American Immigration and Citizenship

Author: John R. Vile
Publisher: Rowman & Littlefield
ISBN: 1442270209
Format: PDF
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One of the most contentious issues in America today is the status of immigration. American Immigration and Citizenship shows that this issue is far from new. In this book, John Vile provides context for contemporary debates on the topic through key historical documents presented alongside essays that interpret their importance for the reader.

American Immigration and Citizenship

Author: John R. Vile
Publisher:
ISBN: 9781442270190
Format: PDF, ePub
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One of the most contentious issues in America today is the status of immigration. American Immigration and Citizenship shows that this issue is far from new. In this book, John Vile provides context for contemporary debates on the topic through key historical documents presented alongside essays that interpret their importance for the reader. The author concludes that a highly-interconnected world presents no easy answers and offers no single immigration policy that will work for all time. The book includes a mix of laws, constitutional provisions, speeches, and judicial decisions from each period. Vile furthermore traces the interconnections between issues of citizenship and issues of immigration, indicating that public opinion and legislation has often contained contradictory strains. Although the primary focus has been on national laws and decisions, some of the readings clearly indicate the stakes that states, which are often affected disproportionately by such laws, have also had in this process.

U S Immigration and Naturalization Laws and Issues

Author: Michael C. LeMay
Publisher: Greenwood Publishing Group
ISBN: 9780313301568
Format: PDF
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A collection of one hundred primary documents--including court cases, opinion pieces, and other materials--traces the history of naturalization and immigration policy enacted by the United States government to control migration since its founding.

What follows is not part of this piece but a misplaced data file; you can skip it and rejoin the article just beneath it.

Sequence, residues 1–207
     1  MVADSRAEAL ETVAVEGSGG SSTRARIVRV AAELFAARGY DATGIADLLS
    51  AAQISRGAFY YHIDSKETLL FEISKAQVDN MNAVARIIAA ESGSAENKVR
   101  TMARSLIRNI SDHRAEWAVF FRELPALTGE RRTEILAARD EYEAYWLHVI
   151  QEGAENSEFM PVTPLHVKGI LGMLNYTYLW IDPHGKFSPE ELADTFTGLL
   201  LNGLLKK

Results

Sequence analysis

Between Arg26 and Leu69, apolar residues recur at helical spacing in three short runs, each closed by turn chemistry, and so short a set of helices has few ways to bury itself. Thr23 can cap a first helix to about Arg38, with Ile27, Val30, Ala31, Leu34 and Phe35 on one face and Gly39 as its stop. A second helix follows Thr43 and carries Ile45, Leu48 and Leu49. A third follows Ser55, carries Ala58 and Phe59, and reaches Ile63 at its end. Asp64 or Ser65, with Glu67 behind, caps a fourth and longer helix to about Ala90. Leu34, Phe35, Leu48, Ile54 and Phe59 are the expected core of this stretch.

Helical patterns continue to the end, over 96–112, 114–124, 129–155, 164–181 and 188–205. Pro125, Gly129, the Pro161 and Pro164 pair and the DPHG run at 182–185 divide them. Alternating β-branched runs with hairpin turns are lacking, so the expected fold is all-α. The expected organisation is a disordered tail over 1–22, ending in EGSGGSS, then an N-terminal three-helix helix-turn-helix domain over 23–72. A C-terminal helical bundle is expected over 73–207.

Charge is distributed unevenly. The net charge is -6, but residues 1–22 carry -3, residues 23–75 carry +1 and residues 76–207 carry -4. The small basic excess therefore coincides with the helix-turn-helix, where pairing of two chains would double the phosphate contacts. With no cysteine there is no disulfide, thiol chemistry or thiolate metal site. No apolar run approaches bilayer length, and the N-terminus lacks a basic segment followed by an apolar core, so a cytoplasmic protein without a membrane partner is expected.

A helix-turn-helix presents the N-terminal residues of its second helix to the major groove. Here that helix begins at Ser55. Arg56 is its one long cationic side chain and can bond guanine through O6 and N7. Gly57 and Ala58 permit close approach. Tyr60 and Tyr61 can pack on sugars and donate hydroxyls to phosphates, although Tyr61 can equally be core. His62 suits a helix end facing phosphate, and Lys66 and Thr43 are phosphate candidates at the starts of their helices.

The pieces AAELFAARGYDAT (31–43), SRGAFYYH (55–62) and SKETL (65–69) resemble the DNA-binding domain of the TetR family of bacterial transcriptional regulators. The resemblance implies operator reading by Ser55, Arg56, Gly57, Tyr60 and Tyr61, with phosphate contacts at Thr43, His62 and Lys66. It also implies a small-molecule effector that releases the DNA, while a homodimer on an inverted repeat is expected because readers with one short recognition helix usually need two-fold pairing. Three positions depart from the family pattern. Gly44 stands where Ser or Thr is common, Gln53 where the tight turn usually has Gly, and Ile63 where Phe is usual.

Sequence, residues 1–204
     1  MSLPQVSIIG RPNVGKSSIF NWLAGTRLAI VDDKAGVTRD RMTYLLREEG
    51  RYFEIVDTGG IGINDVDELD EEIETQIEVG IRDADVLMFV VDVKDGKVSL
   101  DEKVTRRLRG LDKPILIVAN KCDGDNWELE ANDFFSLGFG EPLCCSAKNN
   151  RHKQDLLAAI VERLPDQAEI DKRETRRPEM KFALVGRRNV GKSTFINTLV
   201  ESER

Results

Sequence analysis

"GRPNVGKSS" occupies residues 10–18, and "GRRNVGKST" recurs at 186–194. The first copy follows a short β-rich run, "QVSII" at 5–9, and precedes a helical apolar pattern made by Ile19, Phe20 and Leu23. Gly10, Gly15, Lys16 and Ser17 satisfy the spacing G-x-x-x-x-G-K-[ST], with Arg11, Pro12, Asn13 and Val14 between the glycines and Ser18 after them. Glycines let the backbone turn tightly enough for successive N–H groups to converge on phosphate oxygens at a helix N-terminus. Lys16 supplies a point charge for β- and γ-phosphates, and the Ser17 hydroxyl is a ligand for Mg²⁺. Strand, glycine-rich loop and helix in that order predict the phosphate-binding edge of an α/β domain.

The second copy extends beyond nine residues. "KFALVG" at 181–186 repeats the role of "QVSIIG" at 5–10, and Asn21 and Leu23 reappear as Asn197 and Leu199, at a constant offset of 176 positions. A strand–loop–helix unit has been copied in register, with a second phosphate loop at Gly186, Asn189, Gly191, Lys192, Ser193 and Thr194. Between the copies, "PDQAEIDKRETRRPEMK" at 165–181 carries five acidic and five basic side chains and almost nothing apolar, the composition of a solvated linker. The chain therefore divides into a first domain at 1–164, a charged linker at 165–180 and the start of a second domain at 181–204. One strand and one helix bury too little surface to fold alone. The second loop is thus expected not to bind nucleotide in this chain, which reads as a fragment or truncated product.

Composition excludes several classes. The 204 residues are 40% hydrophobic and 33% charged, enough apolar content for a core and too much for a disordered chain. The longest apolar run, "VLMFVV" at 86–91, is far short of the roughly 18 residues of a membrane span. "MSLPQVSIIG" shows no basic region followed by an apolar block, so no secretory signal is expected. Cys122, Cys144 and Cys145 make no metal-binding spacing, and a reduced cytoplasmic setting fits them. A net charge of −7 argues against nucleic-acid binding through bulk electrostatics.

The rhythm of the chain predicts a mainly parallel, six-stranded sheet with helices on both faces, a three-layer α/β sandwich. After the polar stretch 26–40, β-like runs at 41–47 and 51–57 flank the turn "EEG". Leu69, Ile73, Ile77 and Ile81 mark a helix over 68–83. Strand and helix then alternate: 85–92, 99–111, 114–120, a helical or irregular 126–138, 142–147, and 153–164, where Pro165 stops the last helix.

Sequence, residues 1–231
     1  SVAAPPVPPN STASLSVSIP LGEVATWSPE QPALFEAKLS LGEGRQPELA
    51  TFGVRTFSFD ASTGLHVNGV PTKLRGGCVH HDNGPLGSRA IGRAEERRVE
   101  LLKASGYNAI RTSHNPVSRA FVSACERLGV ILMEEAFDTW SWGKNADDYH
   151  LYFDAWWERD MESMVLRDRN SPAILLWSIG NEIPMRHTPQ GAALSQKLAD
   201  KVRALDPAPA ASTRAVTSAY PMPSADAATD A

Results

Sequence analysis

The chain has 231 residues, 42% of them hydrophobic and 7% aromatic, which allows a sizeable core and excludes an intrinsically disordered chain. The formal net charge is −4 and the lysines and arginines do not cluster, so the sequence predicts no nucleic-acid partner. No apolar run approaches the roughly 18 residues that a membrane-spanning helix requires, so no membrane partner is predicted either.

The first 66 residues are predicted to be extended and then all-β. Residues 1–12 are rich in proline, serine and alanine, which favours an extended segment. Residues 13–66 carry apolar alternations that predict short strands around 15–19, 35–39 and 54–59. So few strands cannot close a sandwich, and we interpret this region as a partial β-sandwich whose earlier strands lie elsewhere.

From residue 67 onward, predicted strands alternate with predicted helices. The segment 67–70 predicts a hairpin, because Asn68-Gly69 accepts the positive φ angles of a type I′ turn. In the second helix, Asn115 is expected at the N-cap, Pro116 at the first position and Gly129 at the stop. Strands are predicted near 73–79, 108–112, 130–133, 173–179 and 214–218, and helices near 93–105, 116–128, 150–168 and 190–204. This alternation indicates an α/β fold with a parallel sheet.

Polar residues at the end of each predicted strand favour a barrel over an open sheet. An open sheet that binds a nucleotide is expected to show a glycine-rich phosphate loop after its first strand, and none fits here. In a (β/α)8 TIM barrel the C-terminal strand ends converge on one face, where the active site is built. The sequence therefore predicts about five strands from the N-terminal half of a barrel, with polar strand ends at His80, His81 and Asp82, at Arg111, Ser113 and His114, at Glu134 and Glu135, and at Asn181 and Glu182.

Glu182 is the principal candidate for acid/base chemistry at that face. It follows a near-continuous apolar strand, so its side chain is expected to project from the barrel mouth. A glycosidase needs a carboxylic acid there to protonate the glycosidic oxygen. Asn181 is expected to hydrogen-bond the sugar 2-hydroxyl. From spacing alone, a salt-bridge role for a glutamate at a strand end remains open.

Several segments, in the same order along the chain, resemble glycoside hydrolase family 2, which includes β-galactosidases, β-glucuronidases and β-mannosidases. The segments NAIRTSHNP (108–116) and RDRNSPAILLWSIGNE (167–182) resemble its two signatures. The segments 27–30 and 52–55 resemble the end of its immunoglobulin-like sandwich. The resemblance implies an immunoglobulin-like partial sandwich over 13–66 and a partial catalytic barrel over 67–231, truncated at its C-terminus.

Asian Americans and the Supreme Court

Author: Hyung-chan Kim
Publisher: Greenwood Publishing Group
ISBN: 9780313272349
Format: PDF
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Covering the past 150 years, this documentary history critiques major Supreme Court decisions on litigations that Asian Americans brought before the Court. Separate sections written by contributing scholars focus on cases pertaining to the question of the government's right to exclude, expel, or deport persons of Asian ancestry, the constitutional question of U.S. citizenship for persons of Asian ancestry, the alien laws of California and Washington, and Japanese internment. A seventh section casts the problem of denying Asian Americans their constitutional rights within the framework of Asian American "foreignness" as viewed by white America. The final chapter reviews major immigration laws passed by Congress in the 20th century and discusses the implications of the Immigration Act of 1990. The volume concludes with a case, name, and subject index.

The Columbia Documentary History of the Asian American Experience

Author: Franklin Odo
Publisher: Columbia University Press
ISBN: 9780231110303
Format: PDF, ePub, Mobi
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This collection of key documents presents the rich Asian American heritage through primary sources -- speeches, diary entries, editorials, advertisements, court opinions, legislation, songs, and poems -- along with expert, concise editorial commentary. It reflects not only the rapid expansion in the field of Asian American studies in the last decade but also innovative scholarship on Asian Americans from many fields, including western history, feminist studies, political science, anthropology, and military history.

The Columbia Documentary History of Race and Ethnicity in America

Author: Ronald H. Bayor
Publisher: Columbia University Press
ISBN: 0231508409
Format: PDF